Changes to English test is government's answer to immigration
LETTER FROM NEW ZEALAND: In the 12 months to last October, over 95,000 immigrants arrived in New Zealand. To put this figure into perspective, the country has a marginally larger population than the Republic of Ireland, writes Pádraig Collins.
Part of this inflow was 160 of the 430 mainly-Afghani refugees from the Tampa ship which Australia so adamantly refused to allow in 15 months ago.
Walking around New Zealand's biggest city, Auckland (same population as Dublin), for the first time in almost four years, it was obvious that there has been huge levels of immigration, particularly from Asia, in the intervening period.
Yet even in the regional city of Hamilton (geographically equivalent to Athlone; its population is the same as Cork's) there is a great mix of cultures and ethnic origins.
Perhaps these figures are not so surprising considering that the Maori, who comprise 15 per cent of the population, fully participate in everyday life in a way that Aboriginals have never done on the other side of the Tasman.
New Zealand's rate of immigration is likely to fall sharply next year though when a strict new English-language test for migrants comes into effect.
The Labour-led government denies that its crackdown has anything to do with pressure from Mr Winston Peters but few believe them.
Mr Peters, who is a Maori, is an MP and leader of the New Zealand First party. His party has some policies other than its anti-immigration stance, but that is principally what gets it votes.
An editorial in the New Zealand Herald said that the Prime Minister, Ms Helen Clark, is correct in saying that Mr Peters's regular comments on immigration do untold harm to New Zealand's reputation in Asia.
"Why, then, would she turn around two weeks later and hand him more credibility? It becomes very hard to assure Asian opinion that Mr Peters is a politician of little account in this country when they see the government bending to his pressure," the paper said.
Despite constantly using words such as "floodgates" and "swamped" in relation to migrants, Mr Peters maintains that "concern with immigration is not about racism, red-necks or bigotry - or any of the other daft slurs that get cast around".
He says that only his party knows that the Labour party "talks with a forked tongue over immigration".
"Who the hell gave you the right to do that to our country?" he said to Labour MPs. "Bring in half the refugees who are carrying HIV and all sorts of third-world diseases. Every New Zealand taxpayer will pay for the rest of their lives," he said.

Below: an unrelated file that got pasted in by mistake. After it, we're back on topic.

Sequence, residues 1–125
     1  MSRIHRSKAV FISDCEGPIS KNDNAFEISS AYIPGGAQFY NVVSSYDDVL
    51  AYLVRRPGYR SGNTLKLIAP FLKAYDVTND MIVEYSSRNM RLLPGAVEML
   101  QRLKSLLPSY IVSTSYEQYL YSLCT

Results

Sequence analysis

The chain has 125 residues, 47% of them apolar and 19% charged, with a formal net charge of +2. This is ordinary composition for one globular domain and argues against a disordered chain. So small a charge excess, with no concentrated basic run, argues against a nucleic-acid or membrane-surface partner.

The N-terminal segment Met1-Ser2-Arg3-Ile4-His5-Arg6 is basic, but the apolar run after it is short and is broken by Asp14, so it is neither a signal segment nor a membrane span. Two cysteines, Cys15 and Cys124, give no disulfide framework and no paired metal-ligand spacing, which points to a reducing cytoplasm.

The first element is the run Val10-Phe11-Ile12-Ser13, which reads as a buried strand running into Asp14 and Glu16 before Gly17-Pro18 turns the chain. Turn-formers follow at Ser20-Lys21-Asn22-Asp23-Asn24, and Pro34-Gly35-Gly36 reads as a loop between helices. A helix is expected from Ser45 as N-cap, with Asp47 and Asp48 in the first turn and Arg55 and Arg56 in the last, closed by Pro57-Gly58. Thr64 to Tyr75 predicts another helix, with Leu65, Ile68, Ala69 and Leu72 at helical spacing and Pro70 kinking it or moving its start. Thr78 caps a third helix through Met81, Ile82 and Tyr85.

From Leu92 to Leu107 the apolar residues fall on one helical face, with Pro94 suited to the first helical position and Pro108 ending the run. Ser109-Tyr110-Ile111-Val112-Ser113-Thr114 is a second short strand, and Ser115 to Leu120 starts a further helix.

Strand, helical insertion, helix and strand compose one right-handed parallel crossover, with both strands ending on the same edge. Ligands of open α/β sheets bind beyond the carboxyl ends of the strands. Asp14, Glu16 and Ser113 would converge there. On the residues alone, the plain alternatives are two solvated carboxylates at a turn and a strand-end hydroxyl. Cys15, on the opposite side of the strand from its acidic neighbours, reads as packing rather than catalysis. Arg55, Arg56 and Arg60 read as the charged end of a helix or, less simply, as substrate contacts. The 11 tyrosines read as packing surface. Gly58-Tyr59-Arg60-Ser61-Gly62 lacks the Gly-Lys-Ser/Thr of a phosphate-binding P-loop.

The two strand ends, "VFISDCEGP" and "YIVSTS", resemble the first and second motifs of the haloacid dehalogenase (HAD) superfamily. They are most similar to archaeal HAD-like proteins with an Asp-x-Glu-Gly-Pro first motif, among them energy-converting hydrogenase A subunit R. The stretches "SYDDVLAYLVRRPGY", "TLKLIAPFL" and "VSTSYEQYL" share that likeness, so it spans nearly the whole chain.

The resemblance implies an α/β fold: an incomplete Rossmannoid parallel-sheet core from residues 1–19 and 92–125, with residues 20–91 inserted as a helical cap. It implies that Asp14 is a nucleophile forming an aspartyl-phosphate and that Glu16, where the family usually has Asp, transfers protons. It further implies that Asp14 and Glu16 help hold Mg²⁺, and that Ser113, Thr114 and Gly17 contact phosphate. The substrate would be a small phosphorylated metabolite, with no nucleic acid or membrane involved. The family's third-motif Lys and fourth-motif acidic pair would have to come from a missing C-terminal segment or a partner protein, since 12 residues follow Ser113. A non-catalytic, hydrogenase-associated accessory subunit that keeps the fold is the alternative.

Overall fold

Despite the scare-mongering, there are some genuine concerns about the course that immigration into New Zealand is taking.
In a country where, unlike Ireland and much of the rest of the developed world, housing is still relatively cheap, the prices in Auckland have escalated dramatically in the last few years.
Many, and not just in Mr Peters's party, are saying that this is due mainly to the fact that 60 per cent of all immigrants to New Zealand in the last five years have settled in Auckland.
According to Mr James Newell, of New Zealand's Population Association, this has the knock-on effect of increasing land prices. "If you want to sustain agriculture you can't allow the price of land to overtake the value of agriculture, which is very important to New Zealand."
Labour's Immigration Minister, Ms Lianne Dalziel, in announcing the changes to the English test for migrants, said that she had found fault with existing immigration programmes.
An investigation found that many took up immigrant visas to get around paying the excess university fees levied on foreigners.
It also found that 98 per cent of investor migrants put their money in New Zealand banks for two years to meet the criteria and then withdrew it.
A similar plan, the Long Term Business Visa, was designed to attract entrepreneurs. Ms Dalziel said: "In reality it attracted people to buy existing small businesses like dairies [small shops]...who would not have qualified under other categories, and it had no English test at all."
Mr Peters is claiming credit for the Labour Party's shift in its policy. "It has taken 13 New Zealand First MPs 120 days to bring this government kicking and screaming into the real world."
In response, Ms Dalziel said: "Our message to him is that the government's announcement is not aimed at reducing numbers. It is about ensuring that those who come under the general skills category are meeting labour force needs, rather than having a 30 per cent unemployment rate, as is the case at present," she said.
New Zealand First got 10.38 per cent of the vote in a recent general election and its 13 seats in the 120-seat parliament is a mandate that cannot be ignored.
Part of its election manifesto stated: "There is the need to keep a tight lid on immigration if we are to avoid New Zealand's identity, values and heritage being swamped."
Regardless of your views on immigration to Ireland, be glad that the debate is being carried out in a more civil and reasonable manner than in New Zealand, and that would-be anti-immigration politicians are restricted to a few hundred token protest votes.